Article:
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Macklemore's New Album is a Love Letter to Fatherhood

'Gemini' dropped Thursday night

Jody Allard

Published on: September 22, 2017

Dave Lichterman

If you’re a Macklemore fan, you’re in luck. His new album, “Gemini,” dropped last night and it’s just what Friday ordered. His first solo album since his split from Ryan Lewis, “Gemini” takes the Seattle rapper in a new direction: fatherhood.

I attended a small gathering at the Cinerama on Monday night for a preview of the new album. There were only about 100 people in attendance, who were chosen at random from people who made donations in his name to YouthCare. Before Macklemore arrived, his wife Tricia brought their toddler daughter Sloane over to say hello to those of us waiting in line. The vibe was intimate, but that didn’t prevent us from having to surrender our phones immediately after our photo opportunity with Macklemore.

Macklemore kicked off the event with a heartfelt talk about the vulnerability and intimacy of unveiling his new album in front of strangers. He was dressed in a flannel and jeans, with the requisite Nike shoes. After a brief showing of a behind-the-scenes video of the making of “Gemini,” it was time for the music. And by music, I mean music: As the first song began to play, “Ain’t Gonna Die Tonight,” the theater lights cut out, leaving us with nothing but darkness and the music.

We listened to five songs off “Gemini” before Macklemore began a brief Q&A session. I did my best to remember the songs, but only the most notable stuck in my mind: “Ain’t Gonna Die Tonight,” featuring Eric Nally, has a campy sound that reminds me a bit of “Downtown”; “Willy Wonka,” featuring Offset, is EDM meets old school hip-hop meets someone’s acid trip (in a good way); “Good Old Days,” featuring Kesha, is my new favorite song (but reminds me of “Arrows” with its mix of nostalgia and regret).

It was only after the album dropped last night that I was able to remember the other song I really liked from Monday’s event: “Excavate,” featuring Saint Claire, again digs into the question of priorities and what we leave behind. This isn’t a new theme for Macklemore, but this time that legacy has a name: Sloane.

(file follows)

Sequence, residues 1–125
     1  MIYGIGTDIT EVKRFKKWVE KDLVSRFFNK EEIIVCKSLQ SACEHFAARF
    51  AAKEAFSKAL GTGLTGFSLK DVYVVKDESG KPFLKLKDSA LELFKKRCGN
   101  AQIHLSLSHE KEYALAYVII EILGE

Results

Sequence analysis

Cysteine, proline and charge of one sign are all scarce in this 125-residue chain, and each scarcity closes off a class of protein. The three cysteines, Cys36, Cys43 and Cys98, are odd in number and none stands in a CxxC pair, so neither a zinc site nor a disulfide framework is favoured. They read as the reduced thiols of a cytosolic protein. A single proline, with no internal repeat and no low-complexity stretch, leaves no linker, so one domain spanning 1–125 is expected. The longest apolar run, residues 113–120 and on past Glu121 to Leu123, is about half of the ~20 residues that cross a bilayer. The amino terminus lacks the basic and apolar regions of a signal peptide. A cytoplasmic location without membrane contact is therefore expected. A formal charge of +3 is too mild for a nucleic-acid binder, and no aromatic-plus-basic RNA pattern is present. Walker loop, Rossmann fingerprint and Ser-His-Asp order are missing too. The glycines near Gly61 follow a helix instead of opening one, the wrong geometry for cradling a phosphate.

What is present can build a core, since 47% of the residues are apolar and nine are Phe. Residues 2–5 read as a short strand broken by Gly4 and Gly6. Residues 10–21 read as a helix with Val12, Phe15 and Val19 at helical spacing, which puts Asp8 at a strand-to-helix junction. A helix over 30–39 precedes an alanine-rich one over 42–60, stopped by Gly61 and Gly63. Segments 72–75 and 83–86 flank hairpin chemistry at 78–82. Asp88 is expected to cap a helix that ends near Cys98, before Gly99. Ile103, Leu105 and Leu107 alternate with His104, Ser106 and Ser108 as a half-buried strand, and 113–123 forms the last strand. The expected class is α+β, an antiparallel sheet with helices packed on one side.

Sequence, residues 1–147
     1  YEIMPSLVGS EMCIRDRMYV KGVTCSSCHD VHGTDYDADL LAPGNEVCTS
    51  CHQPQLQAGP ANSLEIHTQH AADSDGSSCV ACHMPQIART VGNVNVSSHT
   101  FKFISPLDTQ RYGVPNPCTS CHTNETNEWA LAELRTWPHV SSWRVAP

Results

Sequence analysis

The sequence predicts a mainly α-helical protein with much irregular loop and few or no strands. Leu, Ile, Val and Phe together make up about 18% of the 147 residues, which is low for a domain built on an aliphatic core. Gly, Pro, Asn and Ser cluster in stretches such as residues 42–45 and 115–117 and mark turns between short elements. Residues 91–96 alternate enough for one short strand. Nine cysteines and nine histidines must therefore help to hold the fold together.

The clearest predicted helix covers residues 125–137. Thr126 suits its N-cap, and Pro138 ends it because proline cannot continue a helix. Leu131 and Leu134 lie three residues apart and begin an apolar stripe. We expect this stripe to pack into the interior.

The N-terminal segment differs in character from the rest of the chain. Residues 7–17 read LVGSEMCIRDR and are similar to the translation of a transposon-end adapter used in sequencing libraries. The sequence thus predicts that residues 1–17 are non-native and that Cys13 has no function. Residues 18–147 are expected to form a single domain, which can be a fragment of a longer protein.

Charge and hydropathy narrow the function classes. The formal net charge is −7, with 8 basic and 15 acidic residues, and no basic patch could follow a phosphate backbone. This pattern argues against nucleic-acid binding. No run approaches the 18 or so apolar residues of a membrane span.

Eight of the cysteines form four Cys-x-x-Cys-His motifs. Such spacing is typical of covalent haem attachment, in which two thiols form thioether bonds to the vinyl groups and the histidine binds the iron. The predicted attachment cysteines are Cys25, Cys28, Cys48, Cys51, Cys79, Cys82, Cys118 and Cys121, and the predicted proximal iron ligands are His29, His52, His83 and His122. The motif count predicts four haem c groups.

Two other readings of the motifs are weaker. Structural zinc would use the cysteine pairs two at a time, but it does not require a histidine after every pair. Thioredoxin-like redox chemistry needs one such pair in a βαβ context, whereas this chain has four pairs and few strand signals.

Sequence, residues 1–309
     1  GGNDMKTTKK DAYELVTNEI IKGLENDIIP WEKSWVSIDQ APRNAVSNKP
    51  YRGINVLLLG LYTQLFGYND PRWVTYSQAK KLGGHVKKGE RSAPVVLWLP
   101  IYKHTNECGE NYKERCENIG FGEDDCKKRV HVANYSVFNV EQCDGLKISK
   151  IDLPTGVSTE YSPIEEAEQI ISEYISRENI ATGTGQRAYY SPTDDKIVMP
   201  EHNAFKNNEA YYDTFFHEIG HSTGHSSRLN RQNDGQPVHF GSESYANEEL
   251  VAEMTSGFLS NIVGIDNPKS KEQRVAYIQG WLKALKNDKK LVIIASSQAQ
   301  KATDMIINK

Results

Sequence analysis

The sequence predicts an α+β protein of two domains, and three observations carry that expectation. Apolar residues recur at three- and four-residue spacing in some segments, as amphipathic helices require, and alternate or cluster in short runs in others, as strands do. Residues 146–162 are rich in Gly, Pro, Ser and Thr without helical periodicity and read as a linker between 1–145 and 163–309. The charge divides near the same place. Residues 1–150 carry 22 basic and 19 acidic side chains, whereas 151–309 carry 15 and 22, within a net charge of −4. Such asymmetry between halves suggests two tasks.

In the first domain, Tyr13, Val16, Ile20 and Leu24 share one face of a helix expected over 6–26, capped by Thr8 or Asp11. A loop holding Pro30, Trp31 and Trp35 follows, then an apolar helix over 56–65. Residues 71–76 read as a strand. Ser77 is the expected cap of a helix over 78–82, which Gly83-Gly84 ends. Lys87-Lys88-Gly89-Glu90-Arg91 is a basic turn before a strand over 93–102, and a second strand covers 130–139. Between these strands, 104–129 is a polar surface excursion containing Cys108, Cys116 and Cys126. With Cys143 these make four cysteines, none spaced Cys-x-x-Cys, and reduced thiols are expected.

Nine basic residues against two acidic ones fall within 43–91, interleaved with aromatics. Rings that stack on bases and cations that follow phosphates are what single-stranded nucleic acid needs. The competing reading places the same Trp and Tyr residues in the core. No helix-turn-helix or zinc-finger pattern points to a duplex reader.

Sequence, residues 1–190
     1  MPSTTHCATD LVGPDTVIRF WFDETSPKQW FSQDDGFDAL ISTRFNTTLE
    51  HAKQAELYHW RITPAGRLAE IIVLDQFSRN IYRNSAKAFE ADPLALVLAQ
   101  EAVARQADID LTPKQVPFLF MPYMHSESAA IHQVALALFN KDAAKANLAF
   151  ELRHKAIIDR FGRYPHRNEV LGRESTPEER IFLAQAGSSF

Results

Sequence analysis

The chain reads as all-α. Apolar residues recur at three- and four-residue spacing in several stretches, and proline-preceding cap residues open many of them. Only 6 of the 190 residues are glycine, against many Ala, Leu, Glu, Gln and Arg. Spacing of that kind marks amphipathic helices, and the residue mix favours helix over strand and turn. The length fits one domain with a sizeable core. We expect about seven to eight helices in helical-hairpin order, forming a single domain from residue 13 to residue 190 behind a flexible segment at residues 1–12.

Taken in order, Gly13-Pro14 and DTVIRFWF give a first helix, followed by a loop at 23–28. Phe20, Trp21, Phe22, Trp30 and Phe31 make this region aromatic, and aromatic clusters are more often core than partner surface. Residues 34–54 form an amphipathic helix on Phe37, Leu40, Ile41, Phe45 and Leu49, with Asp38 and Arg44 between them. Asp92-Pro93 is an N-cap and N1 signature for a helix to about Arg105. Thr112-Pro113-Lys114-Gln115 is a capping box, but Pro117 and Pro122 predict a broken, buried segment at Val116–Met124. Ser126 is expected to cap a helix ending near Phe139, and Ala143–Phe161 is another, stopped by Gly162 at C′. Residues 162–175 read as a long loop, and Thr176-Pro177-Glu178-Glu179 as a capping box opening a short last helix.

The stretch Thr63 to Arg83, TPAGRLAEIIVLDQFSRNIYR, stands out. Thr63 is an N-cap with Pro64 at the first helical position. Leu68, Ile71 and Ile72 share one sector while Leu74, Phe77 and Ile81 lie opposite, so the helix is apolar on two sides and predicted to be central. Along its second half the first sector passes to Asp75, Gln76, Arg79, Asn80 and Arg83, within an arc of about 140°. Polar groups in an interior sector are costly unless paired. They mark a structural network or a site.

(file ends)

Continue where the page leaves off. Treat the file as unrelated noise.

“My greatest achievement isn’t the dollars / My greatest achievement isn’t the followers / My greatest achievement isn’t the accolades / My greatest achievement is my daughter.” The song continues: “Waking up in the morning, being a father / Watching the light kiss her eyelids / Hearing her singalong to Chainz / And being like, yeah, that’s my kid.”

This isn’t a new theme for Macklemore, but this time that legacy has a name: Sloane.

It’s not surprising that becoming a father has impacted Macklemore’s artistry. And yet there is something different about Macklemore’s brand of fatherhood. His Instagram is littered with pictures and videos of Sloane, and he spoke candidly during the Q&A on Monday night about how he’s built a recording studio in his basement to be with his family. (He also shared that his favorite three Seattle restaurants are “Dick’s, Dick’s and Dick’s.”)

Macklemore has long come under fire for his self-critical and sometimes painful approach to music. I’ve often seen him dismissed as corny; not a true artist. But what’s missing from these critiques is an appreciation of the vulnerability in his music. Yes, there Is a song on “Gemini” that features a thinly-veiled manual to performing oral sex (“How to Play the Flute”). Yes, he bemoans in “Intentions” that he wants to be a feminist but he watches porn (he apparently believes the two are mutually exclusive). His music isn’t perfect, by any means, but I get the sense that’s the point. His music is honest and raw, and he’s explored fatherhood with that same vulnerability.

It’s expected that women will talk about their kids, and perhaps even write or sing about them. But how many male artists — and rappers, in particular — are doing the same thing? “Gemini” is littered with mentions of his daughter, and the role she plays in his life. It’s hard to imagine Kanye West making an album about anyone but, well, Kanye.

On its own, “Gemini” harkens back to Macklemore’s earlier days and “The Unplanned Mix Tape,” in particular — with moments of polished, radio-ready pop. But what stands out the most is the prominence of his daughter. In a world where fatherhood often takes a backseat to career, the importance of men like Macklemore strongly identifying as fathers can’t be overstated.

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